The Vickers boys had carried a Negro boy with them into the army to do their cooking and such other things as might become necessary. His name was Dick, who was a square set, heavy bodied Negro, about twenty years of age, and was strongly attached to his young masters, and in turn they confided in him. It was known that frequently, on going to the front that John, should his two brothers be on the same detail, left his money with Dick. This time it was not known what he had done. After a day or two, Dick who was left in the rear with the wagon train, in charge of Quartermaster Captain Jack Hodges, who when last heard from was doing an insurance business in Houston. Capt. Hodges in the beginning of the war was a member of our company, and was its first Orderly Sergeant, but was promoted to quartermaster early in the war, with the rank of Captain, such position he held to the close of the war, with much credit himself and satisfaction to the regiment, and if alive today is between sixty-five and seventy years old.

Dick, hearing of the death of his young master, came to the front to ascertain facts and particulars. On his coming Frank and Bill learned the fact that their dead brother had left his money, or in fact their money (for they were equally interested) with their trusted servant. While it was only Confederate money, it was all we had and supplied our wants in its way. But the roll book was gone.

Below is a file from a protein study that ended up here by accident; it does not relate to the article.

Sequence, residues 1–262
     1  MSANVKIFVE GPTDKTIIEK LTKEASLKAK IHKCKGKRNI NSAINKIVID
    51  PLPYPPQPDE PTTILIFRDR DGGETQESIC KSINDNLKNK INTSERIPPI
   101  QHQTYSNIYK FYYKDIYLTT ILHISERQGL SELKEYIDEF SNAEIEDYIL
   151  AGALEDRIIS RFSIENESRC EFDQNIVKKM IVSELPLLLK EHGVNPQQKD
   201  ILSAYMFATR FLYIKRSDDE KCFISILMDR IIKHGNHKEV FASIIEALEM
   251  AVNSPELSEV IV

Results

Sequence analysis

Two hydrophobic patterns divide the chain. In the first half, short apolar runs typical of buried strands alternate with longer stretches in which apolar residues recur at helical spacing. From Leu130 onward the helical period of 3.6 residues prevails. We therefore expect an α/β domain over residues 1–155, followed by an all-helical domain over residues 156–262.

Though I who was expected to supply the place of Vickers, being next in rank, could make a duplication of the missing roll book. The brothers then insisted upon Dick going into the Yankee lines and get the body of his young master. But no sort of inducement would he accept. Remember this is in May 1862 of which we write.

In a few days and about the twenty-ninth of May, 1862, we abandoned the breastworks and Corinth, and destroying such baggage as could not be conveniently moved, hung Abe Lincoln in effigy, and turned the little hamlet over to those who were seeking the overthrow of the Confederate government, and marched southward. A stronghold had been abandoned, and new strategy resorted to. The once strong army once under the command of Gen. A. S. Johnston was sent almost to every point in the compass, so great was the growing demand for troops, Mobile, Ala. being the destination of our command. At this place I was elected and commissioned Lieutenant because of the promotion of our former Captain having been promoted to Major of the regiment. These gallant officers were doomed not long to fill the honorable and merited positions to which they had been promoted. Each of them found death where they sought it, on a victorious field of battle, each falling at the battle of Chickamauga. Butler was the only officer in the brigade who dared to enter the charge horseback. His neck was broken by a grape-shot, and in pitching forward at the instant of death his sword fell several feet nearer the enemy. Capt. Bruton was shot through the upper portion of the left breast by what I shall always believe was a pistol ball. I last saw him lying under a tree on the battlefield. But he lingered only a few days, and the life of another one of the best and bravest men in the Confederate army was gone. But I must desist. I can't further personate or particularize. The period of four years is most too long for me to cover the entire ground.